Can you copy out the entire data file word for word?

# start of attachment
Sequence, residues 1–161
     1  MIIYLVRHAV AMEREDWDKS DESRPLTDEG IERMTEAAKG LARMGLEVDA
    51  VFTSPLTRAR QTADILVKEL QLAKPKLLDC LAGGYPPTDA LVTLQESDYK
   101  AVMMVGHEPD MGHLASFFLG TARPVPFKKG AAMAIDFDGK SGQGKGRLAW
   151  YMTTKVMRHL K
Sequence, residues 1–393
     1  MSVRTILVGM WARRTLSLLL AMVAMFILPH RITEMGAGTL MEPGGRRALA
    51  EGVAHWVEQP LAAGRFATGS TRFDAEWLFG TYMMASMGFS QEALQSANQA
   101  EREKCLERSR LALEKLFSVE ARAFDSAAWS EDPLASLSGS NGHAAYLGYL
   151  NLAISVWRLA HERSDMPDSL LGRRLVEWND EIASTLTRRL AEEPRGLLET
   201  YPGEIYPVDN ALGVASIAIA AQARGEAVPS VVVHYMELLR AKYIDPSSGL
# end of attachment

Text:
Sequence, residues 1–161
     1  MIIYLVRHAV AMEREDWDKS DESRPLTDEG IERMTEAAKG LARMGLEVDA
    51  VFTSPLTRAR QTADILVKEL QLAKPKLLDC LAGGYPPTDA LVTLQESDYK
   101  AVMMVGHEPD MGHLASFFLG TARPVPFKKG AAMAIDFDGK SGQGKGRLAW
   151  YMTTKVMRHL K
Sequence, residues 1–393
     1  MSVRTILVGM WARRTLSLLL AMVAMFILPH RITEMGAGTL MEPGGRRALA
    51  EGVAHWVEQP LAAGRFATGS TRFDAEWLFG TYMMASMGFS QEALQSANQA
   101  EREKCLERSR LALEKLFSVE ARAFDSAAWS EDPLASLSGS NGHAAYLGYL
   151  NLAISVWRLA HERSDMPDSL LGRRLVEWND EIASTLTRRL AEEPRGLLET
   201  YPGEIYPVDN ALGVASIAIA AQARGEAVPS VVVHYMELLR AKYIDPSSGL